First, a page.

Official website

www.solidangle.com
We are a leading provider of rendering software for animation and visual effects. At its core, Solid Angle is based on a passion for numerical methods and an obsession for performance. We believe that accurately and efficiently computing light transport in CG scenes is the best way to create stunning imagery for films and TV. We strive to provide our clients with the best rendering tools to efficiently create realistic images.

1 of 4

The roots of Solid Angle date back to 1997 when founder Marcos Fajardo had the realization that a brute-force path tracing solution to the rendering equation could be optimized to produce previously unattainable imagery. His early ray tracing code was integrated into WYSIWYG, a stage lighting design tool, helping Toronto-based CAST Software secure an Engineering Emmy Award. The inspiration and itch to work in film production was sparked by a 1998 visit to Blue Sky Studios in New York, where co-founder Carl Ludwig showed Marcos beautiful and intriguing images rendered with their pioneering Monte Carlo ray tracer. Arnold was born shortly after.

One of the first uses of Arnold was by Spanish animator Daniel Martinez Lara, who in 1999 released the animated short Pepe, creating ripples in the CG world. Ruairi Robinson’s short film Fifty Percent Grey, another early use of Arnold, was nominated for an Academy Award in 2001. The first Arnold license was sold to Mikros Image in 2001 to render VFX shots for the French feature film Le Boulet. After a year-long collaboration at USC ICT, Arnold was used to render Paul Debevec’s short film The Parthenon shown at SIGGRAPH 2004.

In 2004 Sony Pictures Imageworks licensed the source code to Arnold and entered into a partnership with Marcos to co-develop it and adopt Arnold as Imageworks’ main renderer. Fruit of this joint work was the 2006 Academy Award nominated Monster House, the first animated feature film entirely rendered with brute-force path tracing, as well as Cloudy with a Chance of Meatballs, Alice in Wonderland and many other films. This fruitful collaboration continues to this day on slightly different versions of the renderer, access to the respective code bases and jointly published research work.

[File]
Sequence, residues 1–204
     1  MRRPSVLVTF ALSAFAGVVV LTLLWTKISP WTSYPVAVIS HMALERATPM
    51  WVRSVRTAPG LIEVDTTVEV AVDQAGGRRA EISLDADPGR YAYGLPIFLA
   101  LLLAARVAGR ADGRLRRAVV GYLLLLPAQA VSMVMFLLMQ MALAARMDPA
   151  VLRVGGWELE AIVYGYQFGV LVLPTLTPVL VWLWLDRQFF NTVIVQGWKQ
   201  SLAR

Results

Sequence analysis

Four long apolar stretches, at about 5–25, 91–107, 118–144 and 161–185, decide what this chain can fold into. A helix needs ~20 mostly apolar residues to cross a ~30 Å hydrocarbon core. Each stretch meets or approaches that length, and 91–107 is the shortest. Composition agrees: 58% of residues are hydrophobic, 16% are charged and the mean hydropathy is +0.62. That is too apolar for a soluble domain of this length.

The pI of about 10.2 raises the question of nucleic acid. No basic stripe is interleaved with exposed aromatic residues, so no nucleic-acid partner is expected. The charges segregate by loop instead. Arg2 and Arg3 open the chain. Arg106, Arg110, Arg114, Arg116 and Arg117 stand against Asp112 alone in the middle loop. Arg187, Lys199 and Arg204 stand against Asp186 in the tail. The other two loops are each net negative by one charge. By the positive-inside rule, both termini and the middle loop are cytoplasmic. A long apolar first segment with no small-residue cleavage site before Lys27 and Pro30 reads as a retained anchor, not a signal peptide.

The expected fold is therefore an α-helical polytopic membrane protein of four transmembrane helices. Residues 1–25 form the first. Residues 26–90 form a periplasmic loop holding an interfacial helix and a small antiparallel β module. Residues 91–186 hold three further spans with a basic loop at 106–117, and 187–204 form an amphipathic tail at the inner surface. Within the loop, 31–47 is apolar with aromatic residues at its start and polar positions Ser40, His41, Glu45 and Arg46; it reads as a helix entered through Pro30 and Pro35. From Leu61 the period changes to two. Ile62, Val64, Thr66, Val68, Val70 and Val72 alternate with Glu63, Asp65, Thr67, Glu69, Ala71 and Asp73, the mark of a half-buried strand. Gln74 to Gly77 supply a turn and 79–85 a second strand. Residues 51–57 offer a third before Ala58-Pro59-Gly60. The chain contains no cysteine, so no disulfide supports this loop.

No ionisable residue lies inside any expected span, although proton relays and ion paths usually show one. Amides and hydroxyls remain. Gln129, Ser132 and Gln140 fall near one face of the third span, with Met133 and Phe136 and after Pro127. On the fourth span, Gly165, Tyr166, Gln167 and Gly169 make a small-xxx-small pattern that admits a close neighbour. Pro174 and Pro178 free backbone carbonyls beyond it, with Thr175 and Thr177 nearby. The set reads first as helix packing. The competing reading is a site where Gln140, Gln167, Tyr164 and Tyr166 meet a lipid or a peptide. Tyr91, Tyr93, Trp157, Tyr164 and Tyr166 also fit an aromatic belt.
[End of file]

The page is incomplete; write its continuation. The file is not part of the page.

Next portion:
Fifteen years after its inception, Arnold has established itself as the go-to solution for efficient, unbiased global illumination rendering in feature film production. The team has grown to 30 people and most leading VFX and animation facilities have chosen Arnold as their preferred rendering solution.

Arnold

Birdman

Arnold is an advanced Monte Carlo ray tracing renderer built for the demands of feature-length animation and visual effects. Originally co-developed withSony Pictures Imageworks and now their main renderer, Arnold is used at over 300 studios worldwide including ILM, Framestore, MPC, The Mill and Digic Pictures.

Arnold was the primary renderer on dozens of films from Monster House and Cloudy with a Chance of Meatballs to Pacific Rim and Gravity. It is available as a standalone renderer on Linux, Windows and Mac OS X, with plug-ins for MayaSoftimageHoudini, Cinema 4D and Katana.

Features

image

Fur & Hair

An efficient raytraced curve primitive makes Arnold the perfect choice for rendering fur and hair using very little memory. Its hair shader has double offset speculars, transmission and is specifically designed to reduce flickering of thin hairs.

image (1)

Motion blur

Accurate 3D motion blur correctly interacts with shadows, volumes, indirect lighting, reflection or refraction. Deformation motion blur is extremely efficient and works for polygons, hairs and particles. Rotational motion describes precise circular arcs.

image (2)

Sub-surface scattering

Our raytracing-based sub-surface scattering approach makes tuning point clouds a thing of the past. It’s easy to use, requires no additional memory, supports motion-blurred lighting, interactive lighting and its performance scales optimally as more CPU threads are used.

image (3)

Volumes

The volumetric rendering system is based on proprietary importance sampling algorithms and can render effects such as smoke, clouds, fog, pyroclastic flow or fire. Volumes interact with direct and indirect lighting from arbitrary area light sources. Supports OpenVDB and MayaFluids.

image (4)

Flexibility and extensibility